A slight adjustment

PT Papke’s whereabouts change physically, not therapeutically

To help with your goal to keep moving, Tom Papke  . . . has moved.

Not that there’s any cause-and-effect relationship between physical therapist Papke’s recent move to the rear of the Rappahannock Medical Center complex on Washington’s Gay Street and what Papke does, as a matter of course over the last 30 years he’s been in private practice, to help clients overcome injuries and recover from surgeries.

Tom Papke readies for a client at his new office behind the Rappahannock Medical Center.
Tom Papke readies for a client at his new office behind the Rappahannock Medical Center. | Rappahannock News

It is true, though, that Papke’s new place is a bit quieter, overlooking the woods and fields of Avon Hall rather than the timber and VDOT trucks of Main Street. And it’s still open to clients every Friday, and office manager Laura Skauge — who first started “commuting” to Papke’s office when he opened one in the old Kramer Building, conveniently down the hall from the door to the apartment Skauge used to rent there — is still at the front desk.

There’s a “P.T.” after Papke’s name on his business card; it does not stand for “part time.” The  Rappahannock office is a part-time practice, but that’s because his full-time practice, Capitol Metro Physical Therapy (yes, that P.T.), has grown to four clinics in and around D.C. over the last 15 years. He also continues to lecture on orthopedic physical therapy, and is a fellow in the American Academy of Orthopedic Manual Therapy.

A native of Rockford, Ill., Papke, 55, began pursuing physical therapy after high school, and eventually headed out to California, working at UCLA Medical Center in Los Angeles and completing an orthopedic residency program in the Bay Area. After starting up a private practice back in southern California, he got a phone call one day from L.A. Raiders head trainer George Anderson. Thus grew Papke’s specialty — of working with athletes, professional and otherwise (including 49ers quarterback Joe Montana and other names familiar to any self-respecting ESPN subscriber).

Coming east to Virginia and D.C. in 1998 after selling his Santa Monica-based practice, Papke opened Capitol Metro in an Alexandria health club. At the time, he says, only about 5 percent of practicing physical therapists were connected to a health or fitness club; now it’s common practice. Papke’s offices in D.C. (at Farragut Square) and Tysons Corner are inside of One to One Fitness Centers; he also has an office in Alexandria, and the one here.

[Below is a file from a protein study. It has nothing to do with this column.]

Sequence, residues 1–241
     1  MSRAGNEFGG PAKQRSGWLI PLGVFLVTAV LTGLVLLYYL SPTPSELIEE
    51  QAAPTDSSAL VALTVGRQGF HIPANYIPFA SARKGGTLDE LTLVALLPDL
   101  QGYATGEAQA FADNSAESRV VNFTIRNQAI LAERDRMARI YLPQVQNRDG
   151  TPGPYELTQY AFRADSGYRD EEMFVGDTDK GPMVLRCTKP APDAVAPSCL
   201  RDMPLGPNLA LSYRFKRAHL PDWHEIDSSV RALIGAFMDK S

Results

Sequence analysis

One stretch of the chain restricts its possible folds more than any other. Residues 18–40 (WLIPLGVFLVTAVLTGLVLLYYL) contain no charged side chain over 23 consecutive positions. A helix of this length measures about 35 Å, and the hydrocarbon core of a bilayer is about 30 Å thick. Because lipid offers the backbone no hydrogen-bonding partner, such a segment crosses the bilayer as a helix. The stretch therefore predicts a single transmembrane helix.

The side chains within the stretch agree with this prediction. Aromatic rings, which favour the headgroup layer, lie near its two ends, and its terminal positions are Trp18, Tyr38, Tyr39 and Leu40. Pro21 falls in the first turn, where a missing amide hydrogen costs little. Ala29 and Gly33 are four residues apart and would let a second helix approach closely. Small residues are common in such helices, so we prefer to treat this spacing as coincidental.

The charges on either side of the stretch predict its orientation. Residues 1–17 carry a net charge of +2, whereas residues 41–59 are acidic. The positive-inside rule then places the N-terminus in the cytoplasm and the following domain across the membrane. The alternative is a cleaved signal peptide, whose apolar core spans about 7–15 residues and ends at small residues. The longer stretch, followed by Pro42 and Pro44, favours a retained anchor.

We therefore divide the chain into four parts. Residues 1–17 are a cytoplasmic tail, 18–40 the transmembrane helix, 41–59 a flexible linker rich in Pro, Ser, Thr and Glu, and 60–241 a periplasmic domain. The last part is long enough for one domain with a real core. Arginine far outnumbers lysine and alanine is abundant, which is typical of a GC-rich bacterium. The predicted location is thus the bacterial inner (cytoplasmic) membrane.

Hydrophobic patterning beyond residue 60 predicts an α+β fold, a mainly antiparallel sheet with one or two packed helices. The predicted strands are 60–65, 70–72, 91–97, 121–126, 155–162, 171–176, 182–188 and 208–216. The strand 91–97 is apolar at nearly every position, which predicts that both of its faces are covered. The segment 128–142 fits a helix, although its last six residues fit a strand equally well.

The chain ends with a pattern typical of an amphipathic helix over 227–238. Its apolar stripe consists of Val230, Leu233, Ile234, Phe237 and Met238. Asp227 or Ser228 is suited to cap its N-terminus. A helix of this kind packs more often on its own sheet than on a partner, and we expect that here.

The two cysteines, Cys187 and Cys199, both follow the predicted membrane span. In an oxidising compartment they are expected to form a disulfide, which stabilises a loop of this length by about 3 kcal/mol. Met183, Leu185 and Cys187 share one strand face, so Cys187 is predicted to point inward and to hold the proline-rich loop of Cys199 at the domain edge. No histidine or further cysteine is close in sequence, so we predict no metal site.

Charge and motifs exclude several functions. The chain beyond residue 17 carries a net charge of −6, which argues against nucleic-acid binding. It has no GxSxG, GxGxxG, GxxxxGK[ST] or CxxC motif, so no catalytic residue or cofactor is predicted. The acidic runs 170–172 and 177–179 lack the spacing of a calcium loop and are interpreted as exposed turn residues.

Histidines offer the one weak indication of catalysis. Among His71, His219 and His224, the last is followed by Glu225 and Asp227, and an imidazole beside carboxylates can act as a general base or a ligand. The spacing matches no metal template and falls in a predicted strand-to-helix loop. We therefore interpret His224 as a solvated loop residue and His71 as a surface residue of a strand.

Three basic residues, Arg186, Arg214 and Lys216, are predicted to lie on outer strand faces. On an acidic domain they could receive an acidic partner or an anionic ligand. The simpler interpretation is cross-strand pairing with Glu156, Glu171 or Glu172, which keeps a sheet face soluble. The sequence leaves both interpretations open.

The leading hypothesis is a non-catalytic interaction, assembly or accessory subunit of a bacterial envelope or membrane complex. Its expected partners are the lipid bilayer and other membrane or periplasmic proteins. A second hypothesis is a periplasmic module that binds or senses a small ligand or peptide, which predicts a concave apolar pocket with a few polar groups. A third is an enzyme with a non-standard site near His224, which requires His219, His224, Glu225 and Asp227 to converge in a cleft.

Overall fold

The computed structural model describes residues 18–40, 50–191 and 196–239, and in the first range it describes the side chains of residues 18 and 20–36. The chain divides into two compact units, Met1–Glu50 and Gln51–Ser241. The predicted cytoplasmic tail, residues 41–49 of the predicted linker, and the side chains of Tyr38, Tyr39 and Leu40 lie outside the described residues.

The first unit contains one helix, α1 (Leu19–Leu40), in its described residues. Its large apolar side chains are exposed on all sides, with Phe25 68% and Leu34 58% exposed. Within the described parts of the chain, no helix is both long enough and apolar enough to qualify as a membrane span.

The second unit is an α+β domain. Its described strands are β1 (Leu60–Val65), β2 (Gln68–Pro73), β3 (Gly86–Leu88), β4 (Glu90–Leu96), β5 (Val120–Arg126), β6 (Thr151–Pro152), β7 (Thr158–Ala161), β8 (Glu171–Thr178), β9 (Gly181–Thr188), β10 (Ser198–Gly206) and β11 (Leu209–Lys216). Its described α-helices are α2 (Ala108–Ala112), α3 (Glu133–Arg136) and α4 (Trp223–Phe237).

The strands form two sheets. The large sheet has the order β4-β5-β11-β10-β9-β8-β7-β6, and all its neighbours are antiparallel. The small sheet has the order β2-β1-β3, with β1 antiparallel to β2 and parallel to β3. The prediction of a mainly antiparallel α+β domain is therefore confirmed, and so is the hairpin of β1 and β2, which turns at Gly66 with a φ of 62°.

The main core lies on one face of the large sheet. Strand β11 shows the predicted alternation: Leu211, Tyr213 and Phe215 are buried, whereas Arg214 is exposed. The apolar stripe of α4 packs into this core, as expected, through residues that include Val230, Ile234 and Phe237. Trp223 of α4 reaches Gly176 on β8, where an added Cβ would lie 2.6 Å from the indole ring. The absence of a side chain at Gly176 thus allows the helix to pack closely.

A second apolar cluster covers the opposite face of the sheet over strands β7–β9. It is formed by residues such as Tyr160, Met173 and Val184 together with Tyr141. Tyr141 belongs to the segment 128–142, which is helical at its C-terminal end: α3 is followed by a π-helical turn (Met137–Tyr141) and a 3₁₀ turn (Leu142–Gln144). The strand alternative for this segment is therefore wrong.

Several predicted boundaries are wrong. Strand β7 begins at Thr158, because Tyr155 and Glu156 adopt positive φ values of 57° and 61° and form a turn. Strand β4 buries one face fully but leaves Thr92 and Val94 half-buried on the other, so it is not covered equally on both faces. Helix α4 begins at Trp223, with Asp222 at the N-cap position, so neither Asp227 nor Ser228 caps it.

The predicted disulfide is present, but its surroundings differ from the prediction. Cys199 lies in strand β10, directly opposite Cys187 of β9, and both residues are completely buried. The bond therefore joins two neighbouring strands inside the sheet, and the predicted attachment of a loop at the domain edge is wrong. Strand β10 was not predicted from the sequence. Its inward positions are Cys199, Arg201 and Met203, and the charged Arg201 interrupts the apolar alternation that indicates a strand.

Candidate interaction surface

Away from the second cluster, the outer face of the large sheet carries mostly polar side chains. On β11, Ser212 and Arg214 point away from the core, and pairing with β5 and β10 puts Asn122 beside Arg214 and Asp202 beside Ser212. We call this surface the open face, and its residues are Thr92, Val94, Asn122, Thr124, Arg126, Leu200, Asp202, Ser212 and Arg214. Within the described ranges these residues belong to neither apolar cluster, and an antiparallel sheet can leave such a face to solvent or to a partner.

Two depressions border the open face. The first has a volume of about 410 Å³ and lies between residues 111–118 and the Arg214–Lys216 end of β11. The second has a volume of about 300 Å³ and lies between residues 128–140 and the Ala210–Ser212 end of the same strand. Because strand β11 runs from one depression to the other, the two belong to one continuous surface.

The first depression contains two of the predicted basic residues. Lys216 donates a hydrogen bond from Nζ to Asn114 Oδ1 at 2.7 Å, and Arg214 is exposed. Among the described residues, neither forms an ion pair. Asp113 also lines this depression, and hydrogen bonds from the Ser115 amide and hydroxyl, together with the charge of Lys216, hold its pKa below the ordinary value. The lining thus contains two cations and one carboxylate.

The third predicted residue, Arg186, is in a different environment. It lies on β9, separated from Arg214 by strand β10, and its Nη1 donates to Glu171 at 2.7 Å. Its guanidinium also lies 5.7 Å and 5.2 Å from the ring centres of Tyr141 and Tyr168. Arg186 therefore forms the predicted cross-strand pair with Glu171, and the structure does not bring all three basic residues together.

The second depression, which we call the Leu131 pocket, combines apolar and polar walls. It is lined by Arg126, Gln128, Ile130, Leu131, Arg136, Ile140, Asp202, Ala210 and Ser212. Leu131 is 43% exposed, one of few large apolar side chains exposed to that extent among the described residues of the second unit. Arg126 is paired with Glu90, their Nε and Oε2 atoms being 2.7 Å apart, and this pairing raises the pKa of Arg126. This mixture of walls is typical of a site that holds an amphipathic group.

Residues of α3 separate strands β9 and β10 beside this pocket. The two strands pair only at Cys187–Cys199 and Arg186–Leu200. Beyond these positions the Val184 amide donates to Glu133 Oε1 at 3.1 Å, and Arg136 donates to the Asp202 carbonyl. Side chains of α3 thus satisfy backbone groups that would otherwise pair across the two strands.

Papke first opened a billing office in Rappahannock County seven years ago, shortly after buying his piece of paradise here (and not long afterward letting go of the townhouse in the city) with his partner, architect Ernesto Flores. When space next to Main Street’s Hair Gallery opened up shortly afterward that, Papke moved the operation there, and added treatment rooms.

“I’ve tried different business hours here. First I saw clients Fridays and Saturdays, then half-day Friday-Saturday-Monday,” he says. “But then I realized I was not getting to enjoy life here as much, so now it’s just a full day on Fridays.”

He often refers those who are looking for a more regular weekday treatments — or integrated movement classes and equipment — to Mountainside Physical Therapy, Anne Williams’ larger practice on U.S. 211 near Washington. Papke says he and Williams — who opened almost at the same time, neither knowing of the others’ plans — refer clients to each other regularly.

His focus on orthopedic and sports-related issues is a longtime focus, he says.

“My favorite group of clients,” he says, “are people who have tried other things, or everything, without much success. The more complicated the problem, the more fun it is for me.”

In Rappahannock, he sees those with equestrian-related injuries or strains, high school athletes, older clients who’ve had osteoarthritis problems and/or joint replacements and people with farming or agriculture-related problems. If you’ve worked with Tom Papke, you get the strong feeling that a lot of them want to call him “Coach.”

In addition to its scenic and recreational benefits, Papke says, among the best things about living in Rappahannock is being part of its small, diverse but familiar community. “I like the connection to community that being here brings,” he says.

In fact, after a local photographer he treated a few years back during a troublesome hip-replacement recovery kneels on the floor to take his picture, and then gets up off the floor effortlessly (if not gracefully), Papke gives the thumbs up. “Excellent,” he says.

You can find Thomas M. Papke, PT, at 338D Gay St. in Washington. Call 540-675-3090 or visit capitolmetrophysicaltherapy.com for more information.

Roger Piantadosi
About Roger Piantadosi 545 Articles
Former Rappahannock News editor Roger Piantadosi is a writer and works on web and video projects for Rappahannock Media and his own Synergist Media company. Before joining the News in 2009, he was a staff writer, editor and web developer at The Washington Post for almost 30 years.